I haven’t read the de Botton book. He seems to be saying, putting it more simply, that religious people are on the whole less selfish than non-religious people, and that less selfish people are more likely to be progressive/left-leaning/anti-capitalist. Do you agree?  I’m sure there are one or two non-religious people, and one or two conservative/right-leaning/pro-capitalist people, who would like to take issue with these assumptions.

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Liberal, conservative, progressive, traditionalist: Where is the Church going? The answer, according to John Allen in his post-World Youth Day reflections, is that the Church is going evangelical.

World Youth Day, Toronto 2002

‘Evangelical Catholicism’ is his preferred term to capture our 21st century struggles over Catholic identity, where the political categories of left and right, progressive and conservative, simply don’t make sense any more (if they ever did).

Let me quote a large chunk. It’s well worth reflecting on. He writes:

I define Evangelical Catholicism in terms of three pillars:

  • A strong defense of traditional Catholic identity, meaning attachment to classic markers of Catholic thought (doctrinal orthodoxy) and Catholic practice (liturgical tradition, devotional life, and authority).
  • Robust public proclamation of Catholic teaching, with the accent on Catholicism’s mission ad extra, transforming the culture in light of the Gospel, rather than ad intra, on internal church reform.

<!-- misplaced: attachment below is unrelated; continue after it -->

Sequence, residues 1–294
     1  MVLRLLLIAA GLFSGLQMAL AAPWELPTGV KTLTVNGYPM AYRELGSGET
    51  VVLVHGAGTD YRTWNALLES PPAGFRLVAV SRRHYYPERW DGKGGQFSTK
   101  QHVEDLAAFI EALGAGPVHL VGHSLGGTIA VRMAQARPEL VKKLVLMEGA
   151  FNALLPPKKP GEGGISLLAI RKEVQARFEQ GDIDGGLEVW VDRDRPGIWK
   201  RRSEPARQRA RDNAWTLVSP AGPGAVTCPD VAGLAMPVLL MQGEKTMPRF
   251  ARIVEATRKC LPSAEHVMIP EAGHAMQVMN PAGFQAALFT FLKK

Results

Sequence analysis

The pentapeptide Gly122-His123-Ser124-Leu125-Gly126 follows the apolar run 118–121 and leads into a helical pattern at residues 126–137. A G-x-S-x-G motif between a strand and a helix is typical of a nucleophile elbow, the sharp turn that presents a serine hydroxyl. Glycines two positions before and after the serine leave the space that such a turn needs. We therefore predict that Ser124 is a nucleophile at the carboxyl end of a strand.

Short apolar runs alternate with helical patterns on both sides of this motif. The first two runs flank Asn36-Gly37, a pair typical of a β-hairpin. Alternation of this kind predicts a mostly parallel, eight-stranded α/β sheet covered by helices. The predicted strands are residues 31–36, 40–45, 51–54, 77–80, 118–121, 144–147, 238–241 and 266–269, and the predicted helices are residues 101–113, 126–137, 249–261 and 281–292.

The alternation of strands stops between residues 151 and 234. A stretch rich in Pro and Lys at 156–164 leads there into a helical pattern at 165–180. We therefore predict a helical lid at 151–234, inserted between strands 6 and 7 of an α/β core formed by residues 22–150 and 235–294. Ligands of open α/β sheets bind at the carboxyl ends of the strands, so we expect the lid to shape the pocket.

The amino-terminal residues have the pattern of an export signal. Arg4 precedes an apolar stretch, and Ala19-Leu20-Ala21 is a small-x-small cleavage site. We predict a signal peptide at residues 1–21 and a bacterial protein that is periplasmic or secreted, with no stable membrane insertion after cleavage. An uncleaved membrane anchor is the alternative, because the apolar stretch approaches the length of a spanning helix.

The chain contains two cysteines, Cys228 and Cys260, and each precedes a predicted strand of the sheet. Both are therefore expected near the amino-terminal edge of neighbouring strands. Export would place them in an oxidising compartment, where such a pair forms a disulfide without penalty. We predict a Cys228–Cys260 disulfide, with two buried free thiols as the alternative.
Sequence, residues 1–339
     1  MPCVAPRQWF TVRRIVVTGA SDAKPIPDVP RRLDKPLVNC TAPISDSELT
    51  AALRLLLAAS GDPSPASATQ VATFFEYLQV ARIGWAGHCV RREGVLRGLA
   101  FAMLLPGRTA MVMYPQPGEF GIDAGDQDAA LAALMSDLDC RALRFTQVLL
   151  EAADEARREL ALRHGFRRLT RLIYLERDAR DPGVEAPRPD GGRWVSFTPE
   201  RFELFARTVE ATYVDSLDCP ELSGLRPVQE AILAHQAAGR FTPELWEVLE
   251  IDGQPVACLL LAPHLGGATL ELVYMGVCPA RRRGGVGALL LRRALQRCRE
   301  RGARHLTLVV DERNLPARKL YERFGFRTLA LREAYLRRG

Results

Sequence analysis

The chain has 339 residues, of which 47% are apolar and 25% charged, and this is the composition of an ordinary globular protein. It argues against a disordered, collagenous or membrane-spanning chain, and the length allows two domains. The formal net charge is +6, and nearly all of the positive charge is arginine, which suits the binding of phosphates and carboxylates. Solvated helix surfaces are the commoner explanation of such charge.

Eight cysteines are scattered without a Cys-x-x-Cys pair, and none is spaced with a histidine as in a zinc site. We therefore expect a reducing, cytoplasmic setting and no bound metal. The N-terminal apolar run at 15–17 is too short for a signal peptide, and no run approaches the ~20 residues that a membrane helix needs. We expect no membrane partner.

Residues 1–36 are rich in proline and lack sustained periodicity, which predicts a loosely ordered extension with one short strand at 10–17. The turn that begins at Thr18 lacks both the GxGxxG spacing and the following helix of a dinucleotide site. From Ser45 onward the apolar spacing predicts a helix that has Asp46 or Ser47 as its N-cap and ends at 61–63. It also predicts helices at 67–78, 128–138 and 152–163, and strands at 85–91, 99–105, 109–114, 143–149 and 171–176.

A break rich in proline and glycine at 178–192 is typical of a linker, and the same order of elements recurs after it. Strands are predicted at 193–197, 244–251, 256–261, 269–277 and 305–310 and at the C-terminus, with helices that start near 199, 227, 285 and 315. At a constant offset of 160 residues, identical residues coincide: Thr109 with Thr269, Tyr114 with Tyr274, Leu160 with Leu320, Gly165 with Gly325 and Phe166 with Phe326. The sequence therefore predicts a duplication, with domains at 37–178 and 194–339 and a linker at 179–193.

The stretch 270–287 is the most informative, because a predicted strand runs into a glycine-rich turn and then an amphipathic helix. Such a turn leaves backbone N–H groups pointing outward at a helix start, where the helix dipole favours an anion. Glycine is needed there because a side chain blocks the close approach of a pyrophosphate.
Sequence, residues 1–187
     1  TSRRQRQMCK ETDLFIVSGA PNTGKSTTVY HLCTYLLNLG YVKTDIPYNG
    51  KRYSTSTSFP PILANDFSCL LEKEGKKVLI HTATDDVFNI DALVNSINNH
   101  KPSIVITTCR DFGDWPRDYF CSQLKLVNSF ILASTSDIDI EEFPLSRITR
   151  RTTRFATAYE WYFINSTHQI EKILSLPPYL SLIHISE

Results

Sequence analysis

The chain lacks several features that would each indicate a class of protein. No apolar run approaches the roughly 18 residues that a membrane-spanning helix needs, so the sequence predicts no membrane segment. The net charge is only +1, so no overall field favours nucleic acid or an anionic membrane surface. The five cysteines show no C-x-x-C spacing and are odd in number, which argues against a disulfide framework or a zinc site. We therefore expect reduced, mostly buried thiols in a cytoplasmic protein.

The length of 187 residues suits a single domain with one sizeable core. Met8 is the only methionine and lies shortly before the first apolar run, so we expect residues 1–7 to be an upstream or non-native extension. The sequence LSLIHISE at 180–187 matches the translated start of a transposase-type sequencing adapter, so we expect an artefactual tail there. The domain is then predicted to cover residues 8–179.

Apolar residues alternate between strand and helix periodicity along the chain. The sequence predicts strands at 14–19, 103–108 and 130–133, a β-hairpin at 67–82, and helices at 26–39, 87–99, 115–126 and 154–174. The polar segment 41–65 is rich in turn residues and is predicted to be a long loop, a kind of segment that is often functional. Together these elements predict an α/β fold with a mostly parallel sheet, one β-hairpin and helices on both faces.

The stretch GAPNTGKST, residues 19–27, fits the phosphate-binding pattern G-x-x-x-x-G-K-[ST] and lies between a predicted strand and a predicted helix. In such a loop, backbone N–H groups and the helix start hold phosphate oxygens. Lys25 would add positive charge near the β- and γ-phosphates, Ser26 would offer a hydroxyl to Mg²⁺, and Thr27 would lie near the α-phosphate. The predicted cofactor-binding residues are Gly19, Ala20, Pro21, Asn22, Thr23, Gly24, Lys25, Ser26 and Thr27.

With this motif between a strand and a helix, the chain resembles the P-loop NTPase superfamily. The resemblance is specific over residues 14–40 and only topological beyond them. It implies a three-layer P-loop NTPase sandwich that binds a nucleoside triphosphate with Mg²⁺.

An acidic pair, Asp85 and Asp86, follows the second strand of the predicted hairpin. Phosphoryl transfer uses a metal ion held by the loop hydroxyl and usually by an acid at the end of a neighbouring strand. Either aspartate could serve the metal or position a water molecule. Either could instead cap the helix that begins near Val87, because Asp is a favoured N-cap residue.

• Faith seen as a matter of personal choice rather than cultural inheritance, which among other things implies that in a highly secular culture, Catholic identity can never be taken for granted. It always has to be proven, defended, and made manifest.

I consciously use the term “Evangelical” to capture all this rather than “conservative,” even though I recognize that many people experience what I’ve just sketched as a conservative impulse. Fundamentally, however, it’s about something else: the hunger for identity in a fragmented world.

Historically speaking, Evangelical Catholicism isn’t really “conservative,” because there’s precious little cultural Catholicism these days left to conserve. For the same reason, it’s not traditionalist, even though it places a premium upon tradition. If liberals want to dialogue with post-modernity, Evangelicals want to convert it – but neither seeks a return to a status quo ante. Many Evangelical Catholics actually welcome secularization, because it forces religion to be a conscious choice rather than a passive inheritance. As the late Cardinal Jean-Marie Lustiger of Paris, the dictionary definition of an Evangelical Catholic, once put it, “We’re really at the dawn of Christianity.”

Paradoxically, this eagerness to pitch orthodox Catholicism as the most satisfying entrée on the post-modern spiritual smorgasbord, using the tools and tactics of a media-saturated global village, makes Evangelical Catholicism both traditional and contemporary all at once.

Evangelical from the Bottom Up

“Evangelical Catholicism” has been the dominant force at the policy-setting level of the Catholic church since the election of Pope John Paul II in 1978. If you want to understand Catholic officialdom today — why decisions are being made the way they are in the Vatican, or in the U.S. bishops’ conference, or in an ever-increasing number of dioceses — this is easily the most important trend to wrap your mind around.